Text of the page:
In the geopolitical tug of war in the Middle East, Saudi Arabia is also displeased seeing Iran – which it perceives as a Shia challenger to its Sunni bid for regional influence – re-emerge as a regional power after the US invasion of Iraq in 2003.
And while Iran and Saudi Arabia at the 2007 International Islamic Unity Conference pledged to ensure that Sunni and Shia branches of Islam are not exploited, and gave assurances to reduce sectarian strife in the region, suspicions and tensions between the two countries remains high.
Bref, Saudi Arabia will be opposed to any significant leaning or gravitation from Baghdad toward Tehran.
Saudi Arabia has even refused to open an embassy in Baghdad under Prime Minister Nouri al-Maliki’s term; the latter with close Iranian connections sees Baghdad’s relations with Tehran to be in the country’s national interests.
Although a unified Iraq is deemed by neighbouring states to be an auspicious outcome, an overly strong Iraq as a rising power in the region, equipped with American military goods will be perceived as malign.
And while today’s Iraq is vastly different than its predecessor under Saddam Hussein’s reign, Iraq’s belligerence in the past – Iraq’s invasion of Iran and Kuwait are obvious examples – is still very much vivid in the collective memory of the region.
Countering the Washington nexus
Whether this is a perception hurdle or potentially a real strategic threat, to counter its realization, neighboring states will likely aim to minimize Baghdad’s nexus with Washington, and simultaneously work to fortify their own privileged status with the Iraqi government.
For countries like Turkey and Jordan with close ties with the US, this will of course be a tricky affair, requiring finesse and tactful diplomacy.
To some extent, the same could be said about Syria.
Although Damascus may be timidly yet increasingly open to rapprochement with Washington, it sees in Iran a close historical ally and strategic partner. It would be interesting to observe how Israeli-Iraqi relations evolve from a new Iraq. In the current geopolitical map of the region, Israel’s interests favour strong ties between Baghdad and Washington.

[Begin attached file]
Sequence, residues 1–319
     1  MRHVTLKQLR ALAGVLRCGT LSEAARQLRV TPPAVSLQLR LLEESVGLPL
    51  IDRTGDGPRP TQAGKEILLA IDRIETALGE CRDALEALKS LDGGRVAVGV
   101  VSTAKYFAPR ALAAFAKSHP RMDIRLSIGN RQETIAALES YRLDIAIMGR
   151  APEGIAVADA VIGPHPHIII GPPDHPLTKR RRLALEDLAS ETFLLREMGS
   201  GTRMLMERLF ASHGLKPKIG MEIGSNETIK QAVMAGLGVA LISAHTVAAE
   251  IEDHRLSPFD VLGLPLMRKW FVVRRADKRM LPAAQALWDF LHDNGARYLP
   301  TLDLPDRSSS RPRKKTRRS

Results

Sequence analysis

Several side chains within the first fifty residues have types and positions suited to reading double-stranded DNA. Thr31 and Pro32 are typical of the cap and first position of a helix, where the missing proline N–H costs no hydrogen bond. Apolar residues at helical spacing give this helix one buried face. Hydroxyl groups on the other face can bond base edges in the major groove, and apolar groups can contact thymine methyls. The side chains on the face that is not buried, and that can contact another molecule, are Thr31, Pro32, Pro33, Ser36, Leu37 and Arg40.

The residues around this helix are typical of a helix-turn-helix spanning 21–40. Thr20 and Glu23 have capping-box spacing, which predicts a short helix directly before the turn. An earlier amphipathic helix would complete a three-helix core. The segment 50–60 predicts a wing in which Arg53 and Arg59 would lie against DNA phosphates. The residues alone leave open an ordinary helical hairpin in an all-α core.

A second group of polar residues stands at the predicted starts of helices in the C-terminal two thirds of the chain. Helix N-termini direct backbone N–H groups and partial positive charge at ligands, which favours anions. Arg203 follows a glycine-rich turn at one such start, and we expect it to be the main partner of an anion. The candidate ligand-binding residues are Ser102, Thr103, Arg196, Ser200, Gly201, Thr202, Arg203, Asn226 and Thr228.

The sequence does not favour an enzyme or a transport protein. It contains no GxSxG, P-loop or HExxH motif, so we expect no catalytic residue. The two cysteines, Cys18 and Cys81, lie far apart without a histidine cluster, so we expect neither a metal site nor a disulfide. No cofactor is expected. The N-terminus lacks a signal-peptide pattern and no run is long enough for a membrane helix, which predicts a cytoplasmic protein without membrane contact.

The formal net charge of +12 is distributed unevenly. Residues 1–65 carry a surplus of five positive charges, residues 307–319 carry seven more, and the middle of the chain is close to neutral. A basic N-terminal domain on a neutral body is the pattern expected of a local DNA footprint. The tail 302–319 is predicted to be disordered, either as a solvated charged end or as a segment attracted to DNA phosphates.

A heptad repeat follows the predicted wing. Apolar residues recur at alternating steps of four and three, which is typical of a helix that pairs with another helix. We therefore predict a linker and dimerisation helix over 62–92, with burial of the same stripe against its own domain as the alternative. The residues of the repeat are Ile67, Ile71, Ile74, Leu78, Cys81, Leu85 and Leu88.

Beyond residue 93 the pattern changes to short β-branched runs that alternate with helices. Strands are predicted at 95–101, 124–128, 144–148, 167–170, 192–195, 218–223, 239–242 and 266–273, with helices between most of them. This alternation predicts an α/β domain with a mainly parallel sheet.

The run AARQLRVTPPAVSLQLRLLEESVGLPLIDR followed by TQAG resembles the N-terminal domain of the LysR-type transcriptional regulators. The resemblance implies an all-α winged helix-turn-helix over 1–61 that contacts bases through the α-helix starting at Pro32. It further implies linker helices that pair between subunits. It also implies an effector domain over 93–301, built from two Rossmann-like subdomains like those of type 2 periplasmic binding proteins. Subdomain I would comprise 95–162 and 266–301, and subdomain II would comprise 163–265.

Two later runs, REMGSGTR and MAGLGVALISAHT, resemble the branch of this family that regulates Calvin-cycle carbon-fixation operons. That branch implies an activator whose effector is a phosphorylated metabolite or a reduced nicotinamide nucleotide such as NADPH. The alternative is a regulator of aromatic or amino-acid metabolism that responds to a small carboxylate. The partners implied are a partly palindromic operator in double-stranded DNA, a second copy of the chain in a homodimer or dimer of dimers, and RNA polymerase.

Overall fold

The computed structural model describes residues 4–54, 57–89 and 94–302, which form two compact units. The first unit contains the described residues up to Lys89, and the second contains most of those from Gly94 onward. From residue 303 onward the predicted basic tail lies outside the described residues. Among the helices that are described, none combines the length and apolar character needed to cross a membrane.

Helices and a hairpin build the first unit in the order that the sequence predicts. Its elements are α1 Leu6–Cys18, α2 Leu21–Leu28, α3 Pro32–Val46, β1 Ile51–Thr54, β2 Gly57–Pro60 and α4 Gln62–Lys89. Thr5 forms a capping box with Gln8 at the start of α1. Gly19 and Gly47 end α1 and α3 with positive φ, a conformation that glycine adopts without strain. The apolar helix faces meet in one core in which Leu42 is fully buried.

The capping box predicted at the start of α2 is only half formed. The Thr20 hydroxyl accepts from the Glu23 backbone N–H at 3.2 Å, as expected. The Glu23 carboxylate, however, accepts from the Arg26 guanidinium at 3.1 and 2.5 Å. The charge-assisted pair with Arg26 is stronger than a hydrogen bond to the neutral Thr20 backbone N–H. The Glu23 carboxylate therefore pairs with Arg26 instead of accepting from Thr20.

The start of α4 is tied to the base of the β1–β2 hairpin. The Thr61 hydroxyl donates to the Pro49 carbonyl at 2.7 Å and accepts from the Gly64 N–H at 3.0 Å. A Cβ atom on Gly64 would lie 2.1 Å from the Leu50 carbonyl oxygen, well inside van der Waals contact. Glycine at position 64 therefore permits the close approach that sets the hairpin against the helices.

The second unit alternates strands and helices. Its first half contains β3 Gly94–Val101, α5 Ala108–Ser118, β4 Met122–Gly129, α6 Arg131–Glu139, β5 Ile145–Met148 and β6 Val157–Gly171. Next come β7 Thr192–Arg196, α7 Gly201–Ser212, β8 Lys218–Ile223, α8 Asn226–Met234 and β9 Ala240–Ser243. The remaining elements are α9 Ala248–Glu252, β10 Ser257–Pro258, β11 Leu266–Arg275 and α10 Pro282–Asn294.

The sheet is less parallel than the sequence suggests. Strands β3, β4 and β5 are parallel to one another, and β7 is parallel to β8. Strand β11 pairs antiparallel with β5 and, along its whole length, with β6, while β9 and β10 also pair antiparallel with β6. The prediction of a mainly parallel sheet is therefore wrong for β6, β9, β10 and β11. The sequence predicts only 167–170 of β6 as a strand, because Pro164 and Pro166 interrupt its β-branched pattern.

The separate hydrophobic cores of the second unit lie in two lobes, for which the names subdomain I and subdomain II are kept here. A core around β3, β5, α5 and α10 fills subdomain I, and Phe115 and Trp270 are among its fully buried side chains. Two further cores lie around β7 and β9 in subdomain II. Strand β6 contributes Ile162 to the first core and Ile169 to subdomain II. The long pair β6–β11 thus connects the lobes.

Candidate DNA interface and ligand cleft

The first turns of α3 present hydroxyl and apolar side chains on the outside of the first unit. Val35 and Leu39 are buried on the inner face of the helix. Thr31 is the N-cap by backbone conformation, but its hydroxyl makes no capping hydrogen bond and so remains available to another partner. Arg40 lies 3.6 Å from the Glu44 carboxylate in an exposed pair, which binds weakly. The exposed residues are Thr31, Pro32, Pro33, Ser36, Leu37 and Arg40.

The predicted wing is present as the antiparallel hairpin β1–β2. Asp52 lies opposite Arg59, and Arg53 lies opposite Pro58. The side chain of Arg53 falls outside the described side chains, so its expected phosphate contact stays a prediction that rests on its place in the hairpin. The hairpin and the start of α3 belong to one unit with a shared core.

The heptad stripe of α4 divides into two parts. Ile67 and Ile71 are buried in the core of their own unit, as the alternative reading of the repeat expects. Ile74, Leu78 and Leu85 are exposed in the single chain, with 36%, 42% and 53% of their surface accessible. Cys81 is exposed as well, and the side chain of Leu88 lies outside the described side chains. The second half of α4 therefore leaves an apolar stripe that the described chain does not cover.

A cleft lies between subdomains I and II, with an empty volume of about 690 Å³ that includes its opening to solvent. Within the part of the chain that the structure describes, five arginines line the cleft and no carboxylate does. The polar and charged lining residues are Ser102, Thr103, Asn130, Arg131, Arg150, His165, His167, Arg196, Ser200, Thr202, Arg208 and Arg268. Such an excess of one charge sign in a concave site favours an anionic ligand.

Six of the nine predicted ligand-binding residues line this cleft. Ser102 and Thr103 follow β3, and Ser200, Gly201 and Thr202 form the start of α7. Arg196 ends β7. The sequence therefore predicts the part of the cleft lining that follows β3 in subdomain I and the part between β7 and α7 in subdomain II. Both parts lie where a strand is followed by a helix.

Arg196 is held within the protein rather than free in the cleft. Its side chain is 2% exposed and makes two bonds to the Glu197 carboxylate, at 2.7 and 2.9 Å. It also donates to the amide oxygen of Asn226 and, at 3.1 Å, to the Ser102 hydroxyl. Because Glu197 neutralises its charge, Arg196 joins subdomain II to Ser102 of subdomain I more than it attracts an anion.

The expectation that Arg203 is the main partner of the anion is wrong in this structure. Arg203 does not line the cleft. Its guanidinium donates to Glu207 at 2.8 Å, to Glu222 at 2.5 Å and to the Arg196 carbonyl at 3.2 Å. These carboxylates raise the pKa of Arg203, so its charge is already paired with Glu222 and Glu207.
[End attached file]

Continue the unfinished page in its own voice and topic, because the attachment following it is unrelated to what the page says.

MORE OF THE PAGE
The snapshot outlined above raises a fundamental point, and that is as long as the region as a whole stays divided, its existing geo-political realities will continue to generate power-plays and zero-sum competition.
This regional formula is destined to continue to leave victims in its tracks, keeping the region weak, and prohibiting its progress. While beyond the scope of this commentary, suffice it to say that for the region to finally see prosperity and progress both as individual sovereigns and in the collective, it needs to work toward a regional alignment founded indigenously by and for Middle Eastern states.
A regional organising framework has the potential to act as a constructive game changer for the Middle East in the 21st century.
The invasion of Iraq in 2003 was in breach of international law, and its aftermath of carnage and violence, the cause of great suffering for the Iraqi people. Yet perhaps there is solace in knowing that in every tragedy, there is opportunity.
Freed from Saddam Hussein’s iron rule, the Iraqi people, of all ethnic and religious stripes, have now been presented with a unique opportunity to shape their own destiny and hand-in-hand lay the foundation for a new united and democratic Iraq.
In the words of Fareed Zakaria, this is a historic opportunity that “is perhaps the beginning of [Iraq’s] return to prominence in the Middle East.”
As policy briefs are being exchanged in the world’s capitals in anticipation of the results of Iraq’s parliamentary elections, people who yearn for democracy across the region are optimistic.
From the streets of Iran to the shores of the Mediterranean and Red Seas they hope to see their Iraqi brothers and sisters triumph – devoid of sectarian violence – in their arduous and long overdue quest for responsible rule by consensus, independence and prosperity.
Such a reborn Iraq in the heart of the Middle East, true to form to its glorious past, can act as a model for the region in this new century. A peace-loving, stable, flourishing and genuinely democratic Iraq is not only good for the goose, but equally for the gander. Aljazeera
*Sam Sasan Shoamanesh is the co-founder and associate editor of Global Brief, Canada’s first foreign policy magazine